Approaches to Knowledge?

Core classes often out of line with their purported mission, unnecessarily hinder choice

The University has had a rich and tangled history regarding the central question of what it means to receive a liberal arts education. From the rigid system of requirements that existed during the college's earliest years, to the innovations regarding distribution requirements in 1945, to the eventual middle ground of the Core curriculum created in 1979, Harvard has experienced and effected an evolution in the conception of the ideal collegiate education. However, despite having noble aims, the most recent product of Harvard's philosophical debate over the question of general education--the Core--has failed to achieve the lofty goals to which it aspires.

The ideals of the Core curriculum did not arise from an intellectual void--rather, the goal of creating well-rounded undergraduates is steeped in a long tradition at the College. The idea of a distribution requirement dates back to the end of World War II, when Professor Charles H. Taylor published a study (known as the Red Book) designed to refurbish the faltering system of general education at the College. It suggested that undergraduates be required to take two courses from three areas: the humanities, the social sciences and the natural sciences, and it provided for compulsory study of a certain common body of knowledge.

The significant innovation brought by the Core in 1979 was the shift of focus from a general education founded in a common body of knowledge to a more liberating focus on "approaches to knowledge" and understanding the perspectives of different disciplines.


Through this methodology it became possible to broaden the horizons of otherwise overly focused undergraduates who would not take the time to sample the different perspectives offered at the College. Such an approach avoids the difficulties that come with forcing all students to learn a prescribed, arbitrary body of "necessary" knowledge--not the least of which is deciding what material to include in the canon. However, the Core curriculum has fallen well short of its goal of creating well-rounded, broadly educated undergraduates and in fact often runs counter to this mission.

One major gap between the ideal and the reality of the Core curriculum lies in the fact that most departmental courses--which certainly employ the different "approaches to knowledge" that the Core hopes to teach--are not accepted for Core credit. It seems intellectually indefensible to argue that History 1071: "Introduction to Greek History," bestows a completely different version of the historian's perspective than Historical Study B-04: "Ancient Greek Democracy." However, according to the Core committee, the former course is not adequate to introduce students to methods of historical knowledge. Limiting undergraduates to a small selection of huge Core classes impedes rather than encourages the investigation of different approaches to knowledge and consequently hampers students' intellectual curiosity.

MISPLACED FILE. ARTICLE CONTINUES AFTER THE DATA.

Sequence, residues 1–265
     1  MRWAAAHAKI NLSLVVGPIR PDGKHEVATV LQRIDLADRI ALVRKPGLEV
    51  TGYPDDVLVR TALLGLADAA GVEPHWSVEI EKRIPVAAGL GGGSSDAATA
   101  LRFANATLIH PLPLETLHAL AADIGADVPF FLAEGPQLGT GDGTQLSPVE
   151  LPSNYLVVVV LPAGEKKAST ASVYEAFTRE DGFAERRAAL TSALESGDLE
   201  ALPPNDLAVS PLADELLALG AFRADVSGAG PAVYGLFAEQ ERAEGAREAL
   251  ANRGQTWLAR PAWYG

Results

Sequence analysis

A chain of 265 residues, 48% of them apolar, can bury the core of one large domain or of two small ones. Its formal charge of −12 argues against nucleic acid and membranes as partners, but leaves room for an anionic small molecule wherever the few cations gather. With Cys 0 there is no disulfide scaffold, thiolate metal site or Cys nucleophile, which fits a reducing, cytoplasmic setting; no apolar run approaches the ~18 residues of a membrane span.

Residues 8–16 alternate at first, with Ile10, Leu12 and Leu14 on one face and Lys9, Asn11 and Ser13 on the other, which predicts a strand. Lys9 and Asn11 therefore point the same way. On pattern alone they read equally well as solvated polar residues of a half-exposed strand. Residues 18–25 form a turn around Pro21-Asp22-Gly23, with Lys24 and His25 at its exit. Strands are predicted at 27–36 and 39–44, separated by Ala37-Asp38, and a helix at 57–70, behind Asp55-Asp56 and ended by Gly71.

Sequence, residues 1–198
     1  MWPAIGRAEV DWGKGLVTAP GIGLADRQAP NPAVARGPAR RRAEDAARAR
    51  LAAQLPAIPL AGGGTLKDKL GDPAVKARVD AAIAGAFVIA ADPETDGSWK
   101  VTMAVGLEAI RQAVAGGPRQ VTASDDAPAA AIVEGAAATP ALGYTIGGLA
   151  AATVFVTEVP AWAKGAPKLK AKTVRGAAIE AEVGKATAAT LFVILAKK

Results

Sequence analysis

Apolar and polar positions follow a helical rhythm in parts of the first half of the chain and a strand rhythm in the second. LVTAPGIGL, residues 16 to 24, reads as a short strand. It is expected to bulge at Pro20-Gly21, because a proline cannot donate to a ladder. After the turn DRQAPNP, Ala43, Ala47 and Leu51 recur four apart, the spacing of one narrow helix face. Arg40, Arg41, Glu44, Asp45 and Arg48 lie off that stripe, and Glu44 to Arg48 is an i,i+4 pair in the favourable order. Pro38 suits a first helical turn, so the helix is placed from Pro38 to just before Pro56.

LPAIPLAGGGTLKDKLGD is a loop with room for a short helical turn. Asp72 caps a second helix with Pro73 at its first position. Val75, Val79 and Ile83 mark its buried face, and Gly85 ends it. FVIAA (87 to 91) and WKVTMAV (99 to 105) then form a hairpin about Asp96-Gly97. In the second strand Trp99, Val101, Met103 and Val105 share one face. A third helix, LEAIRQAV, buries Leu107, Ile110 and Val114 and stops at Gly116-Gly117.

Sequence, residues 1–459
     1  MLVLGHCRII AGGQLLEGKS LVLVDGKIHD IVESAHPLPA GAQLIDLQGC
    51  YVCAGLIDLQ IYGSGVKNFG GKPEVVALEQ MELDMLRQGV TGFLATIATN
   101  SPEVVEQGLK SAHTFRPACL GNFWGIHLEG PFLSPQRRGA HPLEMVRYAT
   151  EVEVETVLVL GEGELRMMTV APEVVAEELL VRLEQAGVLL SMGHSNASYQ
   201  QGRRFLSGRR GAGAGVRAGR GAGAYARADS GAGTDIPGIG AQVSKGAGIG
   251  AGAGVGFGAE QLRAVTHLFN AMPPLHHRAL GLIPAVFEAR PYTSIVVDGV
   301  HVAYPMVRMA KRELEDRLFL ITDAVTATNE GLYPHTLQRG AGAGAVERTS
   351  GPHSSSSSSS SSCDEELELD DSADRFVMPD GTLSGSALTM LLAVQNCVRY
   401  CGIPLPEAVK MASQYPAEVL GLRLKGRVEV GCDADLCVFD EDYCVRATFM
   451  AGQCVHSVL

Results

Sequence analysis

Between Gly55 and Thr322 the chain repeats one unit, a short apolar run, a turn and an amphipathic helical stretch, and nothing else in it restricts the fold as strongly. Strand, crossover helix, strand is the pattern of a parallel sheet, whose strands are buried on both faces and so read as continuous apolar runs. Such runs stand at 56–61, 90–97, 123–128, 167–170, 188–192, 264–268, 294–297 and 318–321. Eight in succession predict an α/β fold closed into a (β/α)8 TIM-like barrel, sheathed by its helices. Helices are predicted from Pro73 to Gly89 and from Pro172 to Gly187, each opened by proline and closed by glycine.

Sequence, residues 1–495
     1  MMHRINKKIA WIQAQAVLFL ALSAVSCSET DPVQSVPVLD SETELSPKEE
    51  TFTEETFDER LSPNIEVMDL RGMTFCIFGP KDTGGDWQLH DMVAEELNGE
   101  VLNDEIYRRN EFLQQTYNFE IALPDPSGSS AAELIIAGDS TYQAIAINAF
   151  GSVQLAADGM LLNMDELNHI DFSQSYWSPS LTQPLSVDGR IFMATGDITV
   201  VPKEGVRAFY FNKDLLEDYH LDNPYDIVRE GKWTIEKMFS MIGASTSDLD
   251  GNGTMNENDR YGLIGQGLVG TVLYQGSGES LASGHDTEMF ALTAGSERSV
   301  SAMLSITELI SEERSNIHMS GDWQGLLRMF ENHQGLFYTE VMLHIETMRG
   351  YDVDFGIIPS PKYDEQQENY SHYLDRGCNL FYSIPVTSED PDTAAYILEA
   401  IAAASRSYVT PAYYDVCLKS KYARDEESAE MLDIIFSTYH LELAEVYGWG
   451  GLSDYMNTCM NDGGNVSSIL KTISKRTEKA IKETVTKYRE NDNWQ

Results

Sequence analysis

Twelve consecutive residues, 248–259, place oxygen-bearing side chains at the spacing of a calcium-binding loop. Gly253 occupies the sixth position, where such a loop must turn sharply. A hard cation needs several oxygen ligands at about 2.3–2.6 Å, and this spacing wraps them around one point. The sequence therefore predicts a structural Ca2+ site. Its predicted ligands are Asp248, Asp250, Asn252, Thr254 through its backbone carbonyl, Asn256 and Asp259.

Another incongruence between the theory and the implementation of the Core is that courses within a particular Core area often are not linked by any discernable approach to knowledge. The economic methods of analysis employed in Social Analysis 10: "Principle of Economics," are radically different from the linguistic methods employed in Social Analysis 34: "Knowledge of Language." Similarly, the cinematic methods of analysis employed in Chinese Literature 130: "Screening Modern China" which is cross-listed for Foreign Cultures credit, bears little to no resemblance to the historical methods employed in Foreign Cultures 74: "Cultures of Southern Europe." Other core areas show similar discrepancies. Indeed, the common thread linking Core courses is tenuous at best, and it appears that the decisions to group courses in any particular Core area are largely arbitrary.

Consequently, contrary to administrative claims, easing restrictions on what courses qualify as introducing particular "ways of knowing" would actually provide little change from the status quo. However, such a reform would drastically increase student choice, and the University therefore has no reason to oppose the change.

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